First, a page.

The Star-Herald

Presque Isle airport still closed to passenger flights as probe into accident continues

PRESQUE ISLE, Maine — While non-passenger flights have resumed, it is still not known when Presque Isle International Airport will again be open to passenger flights after a plane was damaged during a landing at the airport Monday.

On Monday morning, around 11:30 a.m. a 50-seat Embraer 145 jet operated by CommuteAir slid off the runway at Presque Isle International Airport, leaving several people with minor injuries and damaging the plane.

Of the 28 passengers and 4 crew members on board, four passengers and the pilot were taken to the hospital with minor injuries, according to Kim Smith, Presque Isle public information officer.

The plane, which was carrying the passengers for United Airlines, was making its second attempt at landing when it went off the runway. Damage to the plane included its nose and undercarriage.

Rick and Cassie Daigle, owners of Too Far North Fitness in Fort Kent, were on this United flight that ended up off the runway at the airport in Presque Isle on Monday morning. Cassie Daigle took this photo inside the plane shortly after it stopped. Rick Daigle said the scene inside the airplane as it landed was one of chaos with people screaming and seat parts popping off.

Rick Daigle and Cassie Daigle, owners of Too Far North Fitness in Fort Kent, were on the flight returning from Columbus, Ohio. Rick Daigle said that when the plane landed “the first impact was hard and violent.”

He said the plane then bounced four or five times before coming to a stop at a location far from the runway.

“The plane literally is nowhere near the actual runway,” he said, adding that snowplows had to remove snow so that emergency responders could get to the plane to help the injured passengers.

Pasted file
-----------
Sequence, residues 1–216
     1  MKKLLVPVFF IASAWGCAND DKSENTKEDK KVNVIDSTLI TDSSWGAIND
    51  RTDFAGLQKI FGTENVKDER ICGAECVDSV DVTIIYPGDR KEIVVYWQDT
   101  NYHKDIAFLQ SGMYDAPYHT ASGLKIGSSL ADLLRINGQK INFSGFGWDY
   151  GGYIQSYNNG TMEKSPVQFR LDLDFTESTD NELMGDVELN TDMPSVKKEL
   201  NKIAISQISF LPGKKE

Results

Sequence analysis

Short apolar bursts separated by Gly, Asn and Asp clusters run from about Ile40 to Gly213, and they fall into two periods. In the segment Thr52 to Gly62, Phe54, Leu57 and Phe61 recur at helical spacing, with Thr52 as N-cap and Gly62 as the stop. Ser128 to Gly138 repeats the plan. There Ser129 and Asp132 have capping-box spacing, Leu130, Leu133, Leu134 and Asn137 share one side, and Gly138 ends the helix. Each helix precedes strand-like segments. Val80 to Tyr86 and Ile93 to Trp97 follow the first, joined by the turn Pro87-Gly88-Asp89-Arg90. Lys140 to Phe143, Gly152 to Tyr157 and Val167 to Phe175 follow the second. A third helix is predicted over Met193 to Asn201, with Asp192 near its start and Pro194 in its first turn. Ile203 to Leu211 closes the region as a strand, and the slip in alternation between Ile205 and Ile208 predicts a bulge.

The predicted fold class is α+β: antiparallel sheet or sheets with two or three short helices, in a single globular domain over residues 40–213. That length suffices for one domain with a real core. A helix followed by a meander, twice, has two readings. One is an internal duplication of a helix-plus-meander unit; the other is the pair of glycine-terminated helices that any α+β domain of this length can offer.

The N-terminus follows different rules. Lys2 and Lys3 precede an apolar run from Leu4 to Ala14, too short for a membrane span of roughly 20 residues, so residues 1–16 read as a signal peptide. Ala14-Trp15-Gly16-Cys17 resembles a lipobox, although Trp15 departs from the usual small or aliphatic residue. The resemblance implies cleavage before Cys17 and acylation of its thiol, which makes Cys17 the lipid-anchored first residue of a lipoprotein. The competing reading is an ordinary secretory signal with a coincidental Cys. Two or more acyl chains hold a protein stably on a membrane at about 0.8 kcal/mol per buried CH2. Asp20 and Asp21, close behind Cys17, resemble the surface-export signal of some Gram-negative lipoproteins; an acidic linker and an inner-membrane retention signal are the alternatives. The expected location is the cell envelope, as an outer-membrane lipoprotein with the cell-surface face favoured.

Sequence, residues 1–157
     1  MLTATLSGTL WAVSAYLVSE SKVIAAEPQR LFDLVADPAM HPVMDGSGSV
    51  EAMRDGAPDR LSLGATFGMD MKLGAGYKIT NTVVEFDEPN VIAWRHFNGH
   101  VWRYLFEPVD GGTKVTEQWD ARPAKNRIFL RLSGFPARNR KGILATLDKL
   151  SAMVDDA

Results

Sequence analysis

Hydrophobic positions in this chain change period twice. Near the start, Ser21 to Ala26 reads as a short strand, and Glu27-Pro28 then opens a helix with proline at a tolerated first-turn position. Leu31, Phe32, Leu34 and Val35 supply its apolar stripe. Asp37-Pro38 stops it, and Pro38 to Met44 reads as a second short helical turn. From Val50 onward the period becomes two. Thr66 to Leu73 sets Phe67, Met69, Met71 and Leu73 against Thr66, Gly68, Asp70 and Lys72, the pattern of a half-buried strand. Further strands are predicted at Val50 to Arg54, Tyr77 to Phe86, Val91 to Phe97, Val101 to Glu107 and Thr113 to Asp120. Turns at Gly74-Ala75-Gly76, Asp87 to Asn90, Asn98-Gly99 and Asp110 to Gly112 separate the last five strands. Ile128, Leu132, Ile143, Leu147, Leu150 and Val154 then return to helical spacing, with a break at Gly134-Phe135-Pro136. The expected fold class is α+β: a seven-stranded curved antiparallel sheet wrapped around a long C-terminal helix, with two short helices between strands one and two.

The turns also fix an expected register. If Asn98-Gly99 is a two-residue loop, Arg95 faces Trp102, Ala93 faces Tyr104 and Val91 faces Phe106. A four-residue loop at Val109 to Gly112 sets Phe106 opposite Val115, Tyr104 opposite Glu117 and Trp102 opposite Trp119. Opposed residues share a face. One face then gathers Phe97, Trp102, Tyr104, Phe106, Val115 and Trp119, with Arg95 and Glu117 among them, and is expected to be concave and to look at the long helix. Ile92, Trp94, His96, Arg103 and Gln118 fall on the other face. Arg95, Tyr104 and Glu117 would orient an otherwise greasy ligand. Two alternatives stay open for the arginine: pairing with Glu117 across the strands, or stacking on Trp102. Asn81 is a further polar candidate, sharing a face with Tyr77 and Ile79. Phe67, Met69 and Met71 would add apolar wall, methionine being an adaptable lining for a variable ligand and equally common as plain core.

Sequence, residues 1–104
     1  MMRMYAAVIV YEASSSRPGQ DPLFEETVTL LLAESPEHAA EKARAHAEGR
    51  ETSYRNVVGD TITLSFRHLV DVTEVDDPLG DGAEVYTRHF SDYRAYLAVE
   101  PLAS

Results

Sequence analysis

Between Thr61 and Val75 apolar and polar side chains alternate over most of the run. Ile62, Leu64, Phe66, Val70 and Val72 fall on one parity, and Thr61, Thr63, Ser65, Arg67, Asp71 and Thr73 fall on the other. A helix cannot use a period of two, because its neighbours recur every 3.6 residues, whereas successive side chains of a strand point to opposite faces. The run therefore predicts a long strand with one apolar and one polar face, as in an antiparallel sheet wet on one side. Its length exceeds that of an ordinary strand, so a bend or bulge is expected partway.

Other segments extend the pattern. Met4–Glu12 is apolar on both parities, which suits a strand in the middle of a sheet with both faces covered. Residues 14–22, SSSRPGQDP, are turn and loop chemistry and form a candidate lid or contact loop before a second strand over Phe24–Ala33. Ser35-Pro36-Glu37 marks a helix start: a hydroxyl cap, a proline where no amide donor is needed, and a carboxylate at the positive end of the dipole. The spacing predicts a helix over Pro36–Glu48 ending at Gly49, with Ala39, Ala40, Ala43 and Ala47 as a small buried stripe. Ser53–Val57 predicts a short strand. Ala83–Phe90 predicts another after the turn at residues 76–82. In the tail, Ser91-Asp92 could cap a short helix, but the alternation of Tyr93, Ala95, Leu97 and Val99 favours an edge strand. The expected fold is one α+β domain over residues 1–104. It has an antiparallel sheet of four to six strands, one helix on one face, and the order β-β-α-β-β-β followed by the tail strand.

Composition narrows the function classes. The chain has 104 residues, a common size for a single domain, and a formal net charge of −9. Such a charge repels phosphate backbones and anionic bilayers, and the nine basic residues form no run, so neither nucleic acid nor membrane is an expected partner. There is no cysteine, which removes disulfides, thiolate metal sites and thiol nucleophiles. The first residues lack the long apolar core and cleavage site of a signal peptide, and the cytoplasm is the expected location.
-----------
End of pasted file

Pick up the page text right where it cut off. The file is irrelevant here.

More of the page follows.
The scene inside the airplane as it landed was one of chaos with people screaming and seats coming apart, Daigle said.

Representatives of the National Transportation Safety Board are investigating the incident.

On Tuesday, airport officials said that non-passenger flight operations resumed, but did not have a timeline for when passenger flights would resume.

Charles Hobart, a spokesperson for United Airlines, said the company has a “waiver in place for customers scheduled to travel to or from” Presque Isle between March 4 and March 11.

Under this offer, posted on United’s travel notices page, change fees and differences in fare will be waived for new United flights departing between March 4 and April 1 between the same cities. The waiver also states that for rescheduled travel departing after April 1, the change fee will be waived but a difference in fare may apply.

Empty seats at the Presque Isle International Airport on Friday, March 8, reflect the airport remaining closed to passenger flights since March 5 when United Airlines plane went off the runway while landing. Federal officials continue to investigate and it is unclear when flights will resume.
(Staff photo/Melissa Lizotte)

Since July 2018, United has operated Presque Isle’s only passenger air service with daily flights to and from Liberty International Airport in New Jersey. The United service replaced PenAir’s service to Boston under the federal Essential Air Services program that subsidizes air travel in rural communities.

With record amounts of snow and new federal regulations for ice and snow on runways, this winter has been a challenging one at the Presque Isle International Airport. During the week of Jan. 20, for instance, multiple flights were delayed and cancelled, and an arriving plane on Thursday, Jan. 24, turned around and went back to Newark after trying unsuccessfully to land in Presque Isle during rainy, foggy weather. The next day United flew Presque Isle-bound passengers to Bangor and chartered them a bus to Presque Isle, while also transporting fliers from Presque Isle to Bangor.

Terry Williams, a spokesman for the National Transportation Safety Board, said the agency will likely have a preliminary report on the incident released in seven to 10 days, although this will not have an analysis or a determination of cause.

“The investigation itself will take approximately a year” and a full report will be issued after that, Williams said.

The NTSB was established in 1967 to conduct independent investigations of all civil aviation accidents and other major transportation accidents in the U.S., according to the agency’s website. The NTSB does not have regulatory or enforcement powers, but focuses on fact-finding and improving transportation safety.

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